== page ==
By Caitlin Dalton, Innovation Director
It’s an exciting time to work in women’s health. Of course, there are many inequalities impacting the health of women that make us feel like we’re screaming into the void, but progress is happening.
Health inequality – or health equity as it was recently rebranded by the World Health Organisation – is now a salient issue in women’s health, with private and public healthcare system leaders starkly aware of the need for change. And by listening to women’s voices and to women talking about their health issues, women-led companies are at last creating solutions for women that cater specifically to their health needs.
Your everyday health tracker may not be able to tell whether your temperature is increasing because you are unwell or because you’re ovulating, but femtech platforms like wild.ai can. Femtech innovations in reproductive health, endometriosis, contraception, menopause and women’s mental health have had success in clinical trials and won millions of global supporters. It’s a growing industry to be proud of.
Femtech as open access to information
The femtech industry has the potential to be the next stage of evolution in the open access movement. Taking on the role of a public library, which allows a wider section of society to access information, the mobile phone has become the place to your find information. Of course, public libraries still play a vital role in community life and the much-lamented closures have wide-reaching implications. But as technology drives change, fewer of us reach for a library card. In our digital society, online content far outnumbers information published in books, journals, or any print form. Though finding good women’s health information among the masses that is available is another story.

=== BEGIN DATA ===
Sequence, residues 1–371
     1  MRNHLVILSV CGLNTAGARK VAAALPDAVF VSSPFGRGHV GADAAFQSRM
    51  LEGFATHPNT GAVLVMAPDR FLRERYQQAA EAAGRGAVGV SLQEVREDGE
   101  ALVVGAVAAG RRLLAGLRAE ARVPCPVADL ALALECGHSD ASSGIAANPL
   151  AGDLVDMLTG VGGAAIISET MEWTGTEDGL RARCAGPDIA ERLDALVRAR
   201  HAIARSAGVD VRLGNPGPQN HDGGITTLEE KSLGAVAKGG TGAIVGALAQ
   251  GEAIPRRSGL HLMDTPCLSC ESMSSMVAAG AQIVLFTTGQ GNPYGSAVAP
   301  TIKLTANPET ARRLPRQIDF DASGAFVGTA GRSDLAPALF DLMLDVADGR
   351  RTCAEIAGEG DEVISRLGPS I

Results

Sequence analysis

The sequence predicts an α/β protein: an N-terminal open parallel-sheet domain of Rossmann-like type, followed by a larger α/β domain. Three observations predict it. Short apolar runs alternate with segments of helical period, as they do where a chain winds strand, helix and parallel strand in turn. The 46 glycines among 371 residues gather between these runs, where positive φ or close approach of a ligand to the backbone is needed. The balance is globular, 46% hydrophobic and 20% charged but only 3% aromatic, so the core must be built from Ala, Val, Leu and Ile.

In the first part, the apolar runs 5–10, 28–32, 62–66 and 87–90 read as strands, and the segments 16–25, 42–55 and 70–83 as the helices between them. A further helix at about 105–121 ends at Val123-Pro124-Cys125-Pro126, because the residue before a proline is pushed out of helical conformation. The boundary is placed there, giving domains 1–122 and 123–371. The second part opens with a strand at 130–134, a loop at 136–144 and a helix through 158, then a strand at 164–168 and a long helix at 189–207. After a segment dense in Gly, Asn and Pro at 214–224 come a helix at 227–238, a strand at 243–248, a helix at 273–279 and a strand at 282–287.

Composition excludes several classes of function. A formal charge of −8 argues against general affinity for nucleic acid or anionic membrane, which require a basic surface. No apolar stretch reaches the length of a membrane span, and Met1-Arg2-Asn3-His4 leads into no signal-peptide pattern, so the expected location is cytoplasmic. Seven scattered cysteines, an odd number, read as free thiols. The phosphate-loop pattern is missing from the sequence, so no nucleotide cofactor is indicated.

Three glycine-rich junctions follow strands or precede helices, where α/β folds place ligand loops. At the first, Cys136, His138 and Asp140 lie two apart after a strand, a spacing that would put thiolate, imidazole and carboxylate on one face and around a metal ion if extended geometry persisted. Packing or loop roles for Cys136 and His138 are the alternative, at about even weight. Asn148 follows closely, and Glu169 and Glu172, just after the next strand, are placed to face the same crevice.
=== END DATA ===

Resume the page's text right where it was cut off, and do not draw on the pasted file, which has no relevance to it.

In higher income countries, women are more likely to have digital devices and good access to health information. And thanks to inspiring and informative femtech apps and interventions, they can make informed decisions about their health. The worrying question is, what about women who don’t have access to a smartphone? Or don’t speak the language the content is published in? Or have low literacy skills? The GSM Association suggests that more than 40% of people in lower- and middle-income countries (LMICs) will still be offline in 2025. And more of them will be women – across LMICs, women are still 10% less likely than men to own a mobile phone, so miss out on this vital information access point.
Women’s health and the next billion users
For femtech, the next big challenge and the next big opportunity is the emerging markets. Google refers to it as ‘the next billion users’, while academics call it ‘the digital divide’, but both look at the restrictions a lack of technology places on sections of the global population. Discovering innovative ways to cross the barrier with good female health information is being actively pursued by forward-looking companies.
Given women’s phone ownership is lower, how do we reach them with digital health information? Family or community phones are one option. We have seen group listening in countries like India and Bangalore, where families listen to voice calls rather than just an individual recipient. In the mMitra project, voice calls start with a jingle (sung by our very own Head of mHealth, Gayatri Koshy) to indicate that the call is coming and give everyone time to gather around to listen. The Grameen Village Phone Program, effectively shares a phone with the wider community rather than just a family unit.